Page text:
The appearance of small red moles on the skin , also known as capillary hemangiomas , can certainly be alarming. However, while they may appear unsightly and ugly to look at, this particular type of mole is generally harmless. To learn more about red moles, how to determine if they are harmless and how they can be treated, be sure to read this article.

Red moles on the skin

Surely you are thinking if blood moles are dangerous , so you must consider some factors, which undoubtedly influence to determine if they are as dangerous as they seem. For example, according to recent discoveries, moles can be alarming especially when combined with a distinctive color. Most common moles are dark brown or black, so finding red moles on your skin can be scary. And if you are a girl, seeing red dots on your legs will scare you .

What can they warn about your health?

Just because a reddish mole appears doesn’t mean you have skin cancer . Color, size, and shape distinguish a potentially cancerous mole from one that is benign. And to make you feel a bit relaxed, red moles are usually benign.

The red spots are benign growths common skin that make up blood vessels. Medically known as Campbell De Morgan spots , these skin growths can appear anywhere on the body, including the head. These tend to appear more frequently on the trunk, affecting men and women. They are more common in people who are over 30 years of age.

Capillary hemangiomas

Capillary hemangiomas vary in size and color. Most cherry angiomas start from only one tenth of a millimeter and are generally flat. Capillary hemangiomas can become raised red moles one to two millimeters wide and up to one centimeter in diameter. The color of these moles can be bright red, blood red, or a deep shade of dark purple.

Pay attention to the signs of cancer

Although most red moles are harmless, their location or size can make them undesirable. However, that does not mean that you should stop practicing prevention. A monthly mole check will keep you abreast of the size, location, and coloring of all moles on your body. In order to prevent the advancement of skin cancer, you should always check your moles with either a dermatologist or your GP, especially if you meet any of the following signs:


Moles that are different on both sides are known as asymmetric. Asymmetric moles should always be evaluated. Imagine drawing a line through the center of the mole; If it looks vastly different, have it checked by a professional.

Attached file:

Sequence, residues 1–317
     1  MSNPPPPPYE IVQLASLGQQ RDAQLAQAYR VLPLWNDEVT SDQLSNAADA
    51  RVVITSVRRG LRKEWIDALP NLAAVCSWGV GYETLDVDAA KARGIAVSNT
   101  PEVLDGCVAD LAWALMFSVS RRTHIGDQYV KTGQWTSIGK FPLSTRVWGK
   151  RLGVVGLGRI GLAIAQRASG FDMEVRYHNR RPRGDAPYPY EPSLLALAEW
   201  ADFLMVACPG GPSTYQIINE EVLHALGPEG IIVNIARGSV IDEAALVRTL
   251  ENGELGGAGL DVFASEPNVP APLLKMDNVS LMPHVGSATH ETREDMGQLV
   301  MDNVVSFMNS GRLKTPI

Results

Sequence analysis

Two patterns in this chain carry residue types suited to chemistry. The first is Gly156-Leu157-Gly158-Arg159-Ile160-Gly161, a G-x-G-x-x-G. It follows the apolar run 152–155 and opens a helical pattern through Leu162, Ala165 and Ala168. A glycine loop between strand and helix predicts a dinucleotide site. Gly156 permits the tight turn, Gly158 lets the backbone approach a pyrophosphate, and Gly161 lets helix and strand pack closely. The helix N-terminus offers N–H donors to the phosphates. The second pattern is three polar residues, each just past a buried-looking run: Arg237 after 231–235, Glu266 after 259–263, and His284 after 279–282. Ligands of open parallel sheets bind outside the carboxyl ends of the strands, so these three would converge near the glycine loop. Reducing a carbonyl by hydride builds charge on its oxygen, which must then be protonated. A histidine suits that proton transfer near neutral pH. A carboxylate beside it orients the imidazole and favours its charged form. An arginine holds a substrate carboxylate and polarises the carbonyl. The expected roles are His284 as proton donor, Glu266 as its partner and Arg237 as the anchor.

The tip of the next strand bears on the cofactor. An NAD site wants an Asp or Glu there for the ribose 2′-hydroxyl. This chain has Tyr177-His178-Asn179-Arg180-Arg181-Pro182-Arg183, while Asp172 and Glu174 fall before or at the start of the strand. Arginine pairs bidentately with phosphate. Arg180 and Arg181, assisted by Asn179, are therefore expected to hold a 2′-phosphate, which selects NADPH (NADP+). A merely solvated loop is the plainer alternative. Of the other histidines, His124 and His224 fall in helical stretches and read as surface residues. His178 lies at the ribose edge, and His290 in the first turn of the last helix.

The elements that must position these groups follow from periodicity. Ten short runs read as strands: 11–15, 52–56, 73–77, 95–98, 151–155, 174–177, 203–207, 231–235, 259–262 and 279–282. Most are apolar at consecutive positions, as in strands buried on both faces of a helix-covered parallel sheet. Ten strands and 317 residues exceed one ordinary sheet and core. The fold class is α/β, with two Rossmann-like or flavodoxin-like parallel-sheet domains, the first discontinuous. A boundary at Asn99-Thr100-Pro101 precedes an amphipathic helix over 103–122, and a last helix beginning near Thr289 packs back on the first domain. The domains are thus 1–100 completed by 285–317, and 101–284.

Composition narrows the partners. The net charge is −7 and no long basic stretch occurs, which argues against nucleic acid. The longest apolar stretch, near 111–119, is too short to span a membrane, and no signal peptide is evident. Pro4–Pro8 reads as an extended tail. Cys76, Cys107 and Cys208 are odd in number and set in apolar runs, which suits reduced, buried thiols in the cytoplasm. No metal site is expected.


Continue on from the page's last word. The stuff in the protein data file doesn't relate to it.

Malignant moles have jagged, jagged edges.


They vary in color to a great extent. In general, the higher the cancer risk, the darker the mole will become. If they darken over a period of time, keep an eye on the color of your moles, get them checked.


Lastly, the diameter of a mole can suggest malignancy. Most benign moles are no larger than a pencil eraser. If the mole is older, or continues to grow, it is time for an appointment with your doctor.


Treatment of red moles

Maintain control over the red moles on your body and when in doubt, consult your doctor. If you notice red, itchy spots on your skin that suddenly bleed, ooze, or cause pain, you should get immediate medical attention, regardless of color or size. If there is any concern that a mole on your skin could be cancerous, consult your doctor and if he recommends removing it, so be it.

Protect your skin

Even if skin cancer is not a possibility, you may want to remove red moles that appear on your skin for cosmetic purposes. Dermatologists often perform in-office mole removal procedures that use a local anesthetic. When doctors remove a mole, a lab biopsy is usually ordered to confirm whether the mole is benign.

Skin can change dramatically with age. Although nothing can turn back the hands of time and prevent small changes like red moles on the skin, if you can avoid major damage, and one way to do it is by keeping your body hydrated with water , exercising daily to increase circulation, and replenishing the moisture lost with night creams or lotion. So do not worry, in time everything has a solution.

By Dr. Eric Jackson

Dr. Eric Jackson provides primary Internal Medicine care for men and women and treats patients with bone and mineral diseases, diabetes, heart conditions, and other chronic illnesses.He is a Washington University Bone Health Program physician and is a certified Bone Densitometrist. Dr. Avery is consistently recognized in "The Best Doctors in America" list.

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